By Cian Molloy - 28 May, 2018
Paul VI implemented the changes made by the Second Vatican Council; Oscar Romero was its first martyr.
Pope Paul VI and Archbishop Romero and four others are to be canonised and declared official saints of the Church on Sunday, October 14th according to an announcement made by a consistory of cardinals in Rome this weekend.
Born Giovanni Battista Montini in 1897, Pope Paul VI had the task of closing the Second Vatican Council in 1965 and implementing the changes that it had wrought. He was a much-loved pope. He believed holiness is within everyone’s reach, and only two elements are required to become a saint – the grace of God and good will.
An officially recognised miracle achieved through the intercession of a candidate for sainthood is required for beatification and then canonisation. Given that Pope Paul VI’s best-known encyclical was Humanae Vitae, which sets out Church teaching on married love and on contraception, it should be of no surprise that the two miracles attributed to his intervention involved the healing of two unborn children in the womb.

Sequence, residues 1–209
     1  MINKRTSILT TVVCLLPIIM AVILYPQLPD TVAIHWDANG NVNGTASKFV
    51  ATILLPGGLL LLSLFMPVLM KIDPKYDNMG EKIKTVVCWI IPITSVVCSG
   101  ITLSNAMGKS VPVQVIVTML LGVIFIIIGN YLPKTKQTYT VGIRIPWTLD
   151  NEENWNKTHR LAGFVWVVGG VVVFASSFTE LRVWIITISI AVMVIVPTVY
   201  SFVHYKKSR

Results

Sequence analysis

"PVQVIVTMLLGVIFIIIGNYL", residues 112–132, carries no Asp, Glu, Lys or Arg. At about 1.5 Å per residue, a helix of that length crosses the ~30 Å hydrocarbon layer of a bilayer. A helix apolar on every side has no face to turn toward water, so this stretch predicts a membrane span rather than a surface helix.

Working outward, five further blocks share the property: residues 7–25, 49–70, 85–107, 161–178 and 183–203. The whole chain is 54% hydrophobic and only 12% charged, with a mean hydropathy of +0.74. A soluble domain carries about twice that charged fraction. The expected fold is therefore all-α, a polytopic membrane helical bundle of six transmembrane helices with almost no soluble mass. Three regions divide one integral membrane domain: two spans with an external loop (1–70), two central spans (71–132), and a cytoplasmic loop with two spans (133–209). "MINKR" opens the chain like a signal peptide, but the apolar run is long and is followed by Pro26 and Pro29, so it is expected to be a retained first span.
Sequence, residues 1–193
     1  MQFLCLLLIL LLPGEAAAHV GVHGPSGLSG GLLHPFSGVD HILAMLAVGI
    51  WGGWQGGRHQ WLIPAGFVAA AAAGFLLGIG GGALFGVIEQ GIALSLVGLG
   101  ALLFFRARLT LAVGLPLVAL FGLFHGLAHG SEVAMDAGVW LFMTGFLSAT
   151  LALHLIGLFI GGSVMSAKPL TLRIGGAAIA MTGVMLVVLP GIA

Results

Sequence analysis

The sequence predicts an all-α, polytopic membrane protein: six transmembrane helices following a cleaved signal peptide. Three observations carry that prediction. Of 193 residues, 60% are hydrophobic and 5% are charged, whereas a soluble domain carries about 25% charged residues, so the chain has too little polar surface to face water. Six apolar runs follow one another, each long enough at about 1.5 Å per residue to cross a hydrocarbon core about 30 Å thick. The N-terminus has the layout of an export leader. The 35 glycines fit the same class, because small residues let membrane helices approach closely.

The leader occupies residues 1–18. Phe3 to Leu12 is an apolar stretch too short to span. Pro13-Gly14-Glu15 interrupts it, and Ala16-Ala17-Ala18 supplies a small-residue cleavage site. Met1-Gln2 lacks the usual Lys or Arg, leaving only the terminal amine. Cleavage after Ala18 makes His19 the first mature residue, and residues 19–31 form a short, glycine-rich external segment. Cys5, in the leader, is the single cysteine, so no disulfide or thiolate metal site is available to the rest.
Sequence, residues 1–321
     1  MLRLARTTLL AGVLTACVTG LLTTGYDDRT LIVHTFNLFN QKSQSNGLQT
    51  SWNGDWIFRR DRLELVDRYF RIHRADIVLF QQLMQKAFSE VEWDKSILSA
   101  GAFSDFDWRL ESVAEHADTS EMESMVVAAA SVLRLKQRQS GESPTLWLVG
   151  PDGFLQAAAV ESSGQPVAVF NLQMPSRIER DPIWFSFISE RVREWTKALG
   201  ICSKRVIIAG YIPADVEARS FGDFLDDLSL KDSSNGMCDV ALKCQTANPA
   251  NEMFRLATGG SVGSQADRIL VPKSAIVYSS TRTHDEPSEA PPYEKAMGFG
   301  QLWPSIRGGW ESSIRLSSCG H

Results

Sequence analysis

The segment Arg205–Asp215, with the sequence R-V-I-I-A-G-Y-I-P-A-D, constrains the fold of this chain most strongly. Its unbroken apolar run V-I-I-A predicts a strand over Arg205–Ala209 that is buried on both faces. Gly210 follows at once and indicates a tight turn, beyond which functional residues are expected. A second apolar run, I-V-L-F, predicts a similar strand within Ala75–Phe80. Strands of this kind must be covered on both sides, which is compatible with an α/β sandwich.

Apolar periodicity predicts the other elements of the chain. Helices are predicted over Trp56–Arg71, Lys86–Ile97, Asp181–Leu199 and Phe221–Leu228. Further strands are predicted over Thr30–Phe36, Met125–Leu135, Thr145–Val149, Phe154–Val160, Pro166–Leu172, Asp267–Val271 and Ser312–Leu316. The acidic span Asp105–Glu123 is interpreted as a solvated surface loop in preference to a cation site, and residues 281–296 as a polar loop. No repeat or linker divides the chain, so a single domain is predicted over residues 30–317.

Archbishop Oscar Romero of San Salvador has been described as ‘the First Martyr of the Second Vatican Council’. He was assassinated largely for proclaiming the council’s teaching that the Church should have a preferential option for the poor. The Archbishop was shot dead on March 24th 1980 as he was saying Mass in a cancer hospital where he had chosen to live.
Romero’s beatification in 2015 was described as one of the Church’s highest profile non-papal beatification ceremonies as it had more than half a million people present. His beatification and canonisation were opposed by some South American conservatives who saw them as the Church giving official approval to liberation theology.
The four other ‘blesseds’ to be canonised in October are: Fr Francesco Spinelli, an Italian diocesan priest, who founded the Institute of the Adorers of the Blessed Sacrament; Fr Vincenzo Romano, a Italian diocesan priest; Sr Maria Caterina Kasper, a German nun, who founded the Institute of the Poor Handmaids of Jesus Christ and Sr Nazaria Ignazia of St. Teresa of Jesus, founder of the Congregation of the Misioneras Cruzadas de la Iglesia Sisters.